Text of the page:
This species is found in the mountains of central and western Mindanao Island in the Philippines. It has been found between 300–1,700 m asl. It probably occurs more widely than current records suggest on other nearby islands (A. Diesmos pers. comm. March 2018), however it is likely a range-restricted species (Sanguila et al. 2011).
Habitat and Ecology
This terrestrial species inhabits cool mountain streams and rivers in lower montane and lowland forests. It has been found above rocks covered with mosses, on rock crevices, and on leaf-litter near streams. It is generally restricted to undisturbed or minimally disturbed habitats, for example individuals only occupy habitats which are free or nearly free from logging and other human impacts (Alcala and Custodio 1995, Delima et al. 2006). However a few individuals have been found in secondary forest, plantations, small-scale agroecosystems, and in the floor of a cave surrounded by corn and pineapple farms and patches of disturbed lowland dipterocarp forest (Nuñeza et al. 2010, Warguez et al. 2013, Belleza and Nuñeza 2014). It breeds in streams, which is where the larvae also develop. Follow-up surveys at the type locality (Pasonanca Natural Park) resulted in important new natural history information as this site was first surveyed by E.H. Taylor about 100 years ago and had not been resurveyed until 2009 (Brown et al. 2012).
In the suitable habitat, this species is common (A. Diesmos pers. comm. March 2018). During 15–24 May 2004, seven individuals were observed in the vicinity of Mt. Mahuson in the Arakan Valley Conservation Area (Delima et al. 2006). The species was present at eight out of 14 sampled sites (N=39 individuals) in Mt. Malindang between October 2003 and December 2004 (Nuñeza et al. 2010). More recently, one individual was found over 54 person-hours at Wao, Lanao del Sur Province (Belleza and Nuñeza 2014) and five individuals were recorded from lower montane forest in Mt. Kalatungan, Bukidnon (Warguez et al. 2013). Due to ongoing decline in the extent and quality of habitat, the population is suspected to be decreasing.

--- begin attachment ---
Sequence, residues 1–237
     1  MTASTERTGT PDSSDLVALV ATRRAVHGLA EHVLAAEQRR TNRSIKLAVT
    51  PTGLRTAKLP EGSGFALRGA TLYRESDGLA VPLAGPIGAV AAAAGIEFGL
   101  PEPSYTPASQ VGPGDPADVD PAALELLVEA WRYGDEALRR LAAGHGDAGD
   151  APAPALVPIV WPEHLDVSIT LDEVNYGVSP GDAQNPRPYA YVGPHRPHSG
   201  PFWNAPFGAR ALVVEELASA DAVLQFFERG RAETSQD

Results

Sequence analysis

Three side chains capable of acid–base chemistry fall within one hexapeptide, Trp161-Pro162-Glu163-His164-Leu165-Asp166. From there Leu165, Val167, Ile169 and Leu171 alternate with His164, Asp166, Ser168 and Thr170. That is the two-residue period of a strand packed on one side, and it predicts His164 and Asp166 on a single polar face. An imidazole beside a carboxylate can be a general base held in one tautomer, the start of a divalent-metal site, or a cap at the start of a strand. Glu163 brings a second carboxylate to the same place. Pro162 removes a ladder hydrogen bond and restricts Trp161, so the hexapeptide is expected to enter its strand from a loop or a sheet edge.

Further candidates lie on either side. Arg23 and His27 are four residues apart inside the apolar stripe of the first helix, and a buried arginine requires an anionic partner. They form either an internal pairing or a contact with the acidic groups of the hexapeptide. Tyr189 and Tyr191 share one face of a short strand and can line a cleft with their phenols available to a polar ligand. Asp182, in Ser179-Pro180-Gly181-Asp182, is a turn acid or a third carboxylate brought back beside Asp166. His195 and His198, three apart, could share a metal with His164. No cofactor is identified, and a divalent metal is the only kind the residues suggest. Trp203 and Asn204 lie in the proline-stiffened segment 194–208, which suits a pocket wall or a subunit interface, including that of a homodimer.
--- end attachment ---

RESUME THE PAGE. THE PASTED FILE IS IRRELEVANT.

The major threat is the destruction and conversion of both lowland and montane rainforest habitat on Mindanao due to small-scale agricultural activities, large-scale oil palm plantations, wood collection for charcoal production, and expanding human settlements (Philippines Red List Assessment Workshop May 2017). In addition, the quality of its stream habitat is subject to pollution due to agricultural effluents, soil erosion, and mine-tailings (Philippines Red List Assessment Workshop May 2017).
This species is recorded from several protected areas on Mindanao, including Mount Malindang National Park, Mount Apo and Mount Kitanlad Range Natural Parks.
Conservation measures should include the regulation and proper disposal of pesticides and herbicides, and the protection of the remaining rainforest, especially riverine habitats and gallery forests, on Mindanao.
More information is needed on this species' distribution, population status and ecology.
Red List Status
Listed as Least Concern in view of its wide distribution and presumed large population.
IUCN SSC Amphibian Specialist Group 2018. Ansonia mcgregori. The IUCN Red List of Threatened Species 2018: e.T54475A58477082. .Downloaded on 21 November 2018